Milli Smith was simultaneously delighted and concerned when the doctor told her she would be having twins after her 9-week checkup. It wasn’t the thought of caring for two newborns that had her worried though. Twins run in her family, but there has never been a set where both children survived.
Smith’s fear became a reality three weeks later when one of her identical twin girls, Skye, was diagnosed with anencephaly. Part of Skye’s brain would not develop normally and doctors did not expect her to survive more than a few days at most. Smith was devastated, but she wanted to give her other daughter, Callie, every chance she could.
Smith went into labor 3 weeks early and had an emergency C-section. In an interview with Babble, Smith said, “We were told from the beginning that Skye would survive minutes and would not move or make a noise. But the moment she was born, she cried. That was the most surreal moment of my life. She was crying and moving her arms and was just like a normal baby. It was thousands times better than I had expected.”
Callie was taken to NICU while Smith was taken to a special private room for mothers with newborns who are not expected to survive. Skye lived just long enough to visit her sister Callie in an incubator. Smith, bed-ridden from the C-section, wasn’t able to see the two little girls together before the end.
Smith and her surviving daughter had to remain in the hospital for a few days. While visiting her daughter in NICU, Smith was surrounded with other parents whose newborns required intensive care. While looking at her little girl, Smith was absolutely devastated by an innocent comment from a nearby stranger.
None of the other parents knew what had happened or anything about Skye. The comment was completely innocent and more out of humor. A parent of twins turned to me, when their babies were crying, and said, ‘You are so lucky you just have one.’ They weren’t to know that I did at one point have two. But the comment nearly broke me. I ran out [of] the room in tears and they had no idea why. I didn’t have the heart to tell them what had happened. A simple sticker would have avoided that entire situation.”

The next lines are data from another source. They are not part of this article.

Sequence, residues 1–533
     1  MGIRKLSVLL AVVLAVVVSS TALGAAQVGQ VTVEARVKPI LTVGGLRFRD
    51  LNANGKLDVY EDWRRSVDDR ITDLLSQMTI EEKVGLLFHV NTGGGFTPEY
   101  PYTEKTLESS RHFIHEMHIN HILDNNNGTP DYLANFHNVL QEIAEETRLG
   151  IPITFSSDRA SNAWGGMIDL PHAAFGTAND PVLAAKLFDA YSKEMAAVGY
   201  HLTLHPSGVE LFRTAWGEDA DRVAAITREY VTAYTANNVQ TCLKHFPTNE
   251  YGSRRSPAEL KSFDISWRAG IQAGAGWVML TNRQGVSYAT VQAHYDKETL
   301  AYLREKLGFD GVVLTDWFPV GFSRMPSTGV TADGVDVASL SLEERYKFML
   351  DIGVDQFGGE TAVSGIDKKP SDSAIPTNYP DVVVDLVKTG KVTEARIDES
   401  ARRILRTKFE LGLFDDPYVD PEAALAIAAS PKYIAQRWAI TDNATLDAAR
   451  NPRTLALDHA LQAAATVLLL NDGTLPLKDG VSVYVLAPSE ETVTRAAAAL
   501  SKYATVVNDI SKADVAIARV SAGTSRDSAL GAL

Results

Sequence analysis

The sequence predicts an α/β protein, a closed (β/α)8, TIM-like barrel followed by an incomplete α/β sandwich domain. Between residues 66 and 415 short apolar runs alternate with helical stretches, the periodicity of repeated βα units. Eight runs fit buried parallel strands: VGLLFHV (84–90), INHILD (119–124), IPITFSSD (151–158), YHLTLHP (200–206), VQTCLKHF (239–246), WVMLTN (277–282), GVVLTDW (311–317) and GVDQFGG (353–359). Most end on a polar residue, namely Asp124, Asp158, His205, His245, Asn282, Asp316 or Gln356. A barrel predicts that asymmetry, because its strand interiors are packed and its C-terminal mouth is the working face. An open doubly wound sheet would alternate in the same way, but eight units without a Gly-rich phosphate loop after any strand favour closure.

After this heart-wrenching incident, Smith started the purple butterfly campaign through the Skye High Foundation, a charity that raises funds to help support parents dealing with the loss of a child. Notices placed near the neonatal units read: “When visiting this neonatal unit either as a partner, relative or friend please be aware of the butterfly logo on each cot. This represents a baby that was part of a multiple pregnancy but sadly not all the babies survived.”
Smith said about the project, “Ultimately I will never be able to stop this from happening but the more support groups we can set up and put things in place like the stickers the better it will be. It’s the hardest thing anyone has to deal with.”
Smith’s surviving daughter Callie is now healthy and happily at home with her loving parents. Smith says “She is so tiny and precious — she’s used to being in an incubator and she is loving being cuddled a lot.”